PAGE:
Let’s face it, most of us in the pupil transportation business are not trained journalists, so putting out a publication regularly is not an easy task. Even a modest four-page bimonthly newsletter can be a laborious and unpleasant task. So why go to all the trouble?
While many transportation people discount the value of publishing a department newsletter, the benefits are worth the effort. First off, a newsletter allows you to keep employees, supervisors, principals and administrators aware of issues in your department. Just like any publication, whether it’s published on paper or disseminated electronically, it helps to spread news and keep its readers informed.
In addition to merely spreading news, a newsletter also allows you to spotlight your department’s strengths and to recognize the many individuals who help to maintain the safety and efficiency of your program. A department newsletter can act as a catalyst for bringing your team together and improving morale.
Clearly, a newsletter can be a great tool for increasing communication within your transportation department and throughout your school district, but creating a newsletter from scratch can be an intimidating challenge. This article will provide you with some suggestions that will help you to get the ball rolling or, if you’re already publishing a newsletter, to evaluate its effectiveness.
Proper planning is critical to the successful launch of any publication. Some items to consider for your newsletter:
Who will write it? Edit it?
What format will you use?
How will it be disseminated?
Who will receive it?
How much will it cost to print?
What will be recurring themes or columns?
What type of articles do you want to publish?
How often will you publish it?
But, first things first. All newsletters should have a meaningful name, and choosing it should not be taken lightly. Ask your staff for suggestions and possibly offer a prize to the person who comes up with the winning title.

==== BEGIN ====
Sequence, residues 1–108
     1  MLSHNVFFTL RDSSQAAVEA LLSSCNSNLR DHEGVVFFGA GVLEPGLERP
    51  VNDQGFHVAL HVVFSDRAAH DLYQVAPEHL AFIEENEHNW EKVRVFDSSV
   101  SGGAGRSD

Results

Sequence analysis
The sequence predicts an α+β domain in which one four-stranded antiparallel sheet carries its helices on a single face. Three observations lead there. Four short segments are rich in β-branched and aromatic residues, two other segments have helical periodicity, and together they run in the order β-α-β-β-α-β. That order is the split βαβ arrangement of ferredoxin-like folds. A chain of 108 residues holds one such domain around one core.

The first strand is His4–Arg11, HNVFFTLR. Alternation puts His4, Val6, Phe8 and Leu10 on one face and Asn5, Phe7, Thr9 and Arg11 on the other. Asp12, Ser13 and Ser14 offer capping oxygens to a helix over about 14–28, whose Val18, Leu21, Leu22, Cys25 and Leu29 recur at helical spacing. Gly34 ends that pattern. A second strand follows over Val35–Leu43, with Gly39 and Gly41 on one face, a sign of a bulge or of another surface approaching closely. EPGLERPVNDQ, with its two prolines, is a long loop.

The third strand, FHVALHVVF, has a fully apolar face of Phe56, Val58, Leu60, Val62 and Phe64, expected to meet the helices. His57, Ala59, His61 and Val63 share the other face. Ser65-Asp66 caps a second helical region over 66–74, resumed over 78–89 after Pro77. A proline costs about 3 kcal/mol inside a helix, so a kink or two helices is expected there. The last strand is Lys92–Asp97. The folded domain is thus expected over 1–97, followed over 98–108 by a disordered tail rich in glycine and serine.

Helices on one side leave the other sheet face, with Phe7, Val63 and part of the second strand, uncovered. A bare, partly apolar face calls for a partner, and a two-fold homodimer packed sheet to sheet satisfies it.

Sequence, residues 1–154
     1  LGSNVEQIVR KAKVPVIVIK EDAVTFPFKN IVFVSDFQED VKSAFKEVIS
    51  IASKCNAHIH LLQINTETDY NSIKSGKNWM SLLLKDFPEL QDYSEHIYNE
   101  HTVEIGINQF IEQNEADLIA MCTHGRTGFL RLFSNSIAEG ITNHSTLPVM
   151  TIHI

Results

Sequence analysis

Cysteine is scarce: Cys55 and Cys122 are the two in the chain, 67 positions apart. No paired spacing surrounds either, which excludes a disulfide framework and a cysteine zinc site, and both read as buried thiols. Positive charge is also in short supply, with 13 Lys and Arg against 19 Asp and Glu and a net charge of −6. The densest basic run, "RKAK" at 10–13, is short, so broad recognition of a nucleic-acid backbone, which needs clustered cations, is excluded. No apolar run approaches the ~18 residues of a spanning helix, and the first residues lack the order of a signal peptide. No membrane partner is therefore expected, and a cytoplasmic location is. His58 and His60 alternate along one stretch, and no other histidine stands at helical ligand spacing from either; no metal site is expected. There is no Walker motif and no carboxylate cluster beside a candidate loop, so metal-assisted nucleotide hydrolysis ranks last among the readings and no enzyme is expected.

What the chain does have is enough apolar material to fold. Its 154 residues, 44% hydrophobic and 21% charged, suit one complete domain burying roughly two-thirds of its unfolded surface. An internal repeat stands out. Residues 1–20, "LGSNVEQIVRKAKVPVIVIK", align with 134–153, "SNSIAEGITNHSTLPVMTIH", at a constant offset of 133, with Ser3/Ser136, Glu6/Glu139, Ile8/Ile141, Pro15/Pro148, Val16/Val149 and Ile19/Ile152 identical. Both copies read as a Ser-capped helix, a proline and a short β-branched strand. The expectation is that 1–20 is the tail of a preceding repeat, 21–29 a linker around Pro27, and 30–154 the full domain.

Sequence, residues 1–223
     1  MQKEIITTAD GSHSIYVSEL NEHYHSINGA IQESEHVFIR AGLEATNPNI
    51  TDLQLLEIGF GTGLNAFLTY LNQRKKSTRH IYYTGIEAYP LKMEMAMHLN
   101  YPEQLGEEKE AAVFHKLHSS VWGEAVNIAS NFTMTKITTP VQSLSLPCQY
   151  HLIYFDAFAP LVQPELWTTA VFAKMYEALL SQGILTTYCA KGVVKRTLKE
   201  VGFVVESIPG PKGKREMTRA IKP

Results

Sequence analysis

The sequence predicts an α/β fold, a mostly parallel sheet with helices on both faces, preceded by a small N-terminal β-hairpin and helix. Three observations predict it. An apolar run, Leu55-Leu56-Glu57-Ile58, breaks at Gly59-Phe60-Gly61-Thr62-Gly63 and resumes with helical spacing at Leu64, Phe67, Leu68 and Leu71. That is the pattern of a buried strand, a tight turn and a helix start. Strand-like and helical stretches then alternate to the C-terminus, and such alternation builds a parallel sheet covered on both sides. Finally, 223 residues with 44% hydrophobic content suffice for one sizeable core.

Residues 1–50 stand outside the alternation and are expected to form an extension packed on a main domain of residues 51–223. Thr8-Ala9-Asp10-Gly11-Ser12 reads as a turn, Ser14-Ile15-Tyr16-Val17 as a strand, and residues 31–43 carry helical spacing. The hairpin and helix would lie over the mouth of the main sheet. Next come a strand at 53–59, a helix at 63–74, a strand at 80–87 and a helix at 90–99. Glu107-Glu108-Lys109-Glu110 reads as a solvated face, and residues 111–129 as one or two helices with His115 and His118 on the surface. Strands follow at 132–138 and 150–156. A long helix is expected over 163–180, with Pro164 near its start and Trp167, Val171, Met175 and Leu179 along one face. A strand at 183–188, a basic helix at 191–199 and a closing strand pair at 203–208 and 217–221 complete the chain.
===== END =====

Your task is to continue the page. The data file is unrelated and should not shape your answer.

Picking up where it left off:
Inspiration for a name can come from many places. The New York Association for Pupil Transportation named its newsletter after a past president, Arthur Schock. The newsletter is called “The Schock Absorber.” My department’s newsletter is named “The Steering Gear.” The name is appropriate because the publication is designed to steer everyone in the right direction.
The writing bug
Who will write your newsletter? Having a variety of writers provides your newsletter with different perspectives. In general, the transportation manager writes at least one article for the newsletter (the “director’s update”) and maybe more, depending on his or her workload.
Other office staff can also be enlisted to submit articles or to perform some of the editing. You may want to enlist the help of your driving staff, especially if they’re interested in contributing or have special skills in that area.
Once you determine who will help assist you with developing, writing and editing content for the newsletter, you need to think about how you are going to assemble the stories in a clear and easy-to-read format. Check with your technology department or school librarian to see what software programs your school district uses for publishing its newsletters.
Many programs can help you format your newsletter. I prefer Microsoft Publisher because it is easy to use and has a wizard to help get you started. Publisher comes standard with some Microsoft Office packages. If your district does not have a program that is specifically tailored to create newsletters, you can always use a standard word-processing program like Microsoft Word. Using a word-processing program will force you, however, to set margins and adjust settings that are automatically adjusted in the newsletter programs.
Dressing it up
If anyone on your staff has some training in desktop publishing or graphic design, you might want to get them involved in creating a template for your newsletter. You can also consult any number of books published on the topic of creating a newsletter. They provide design guidelines that will help to make the newsletter visually attractive as well as readable.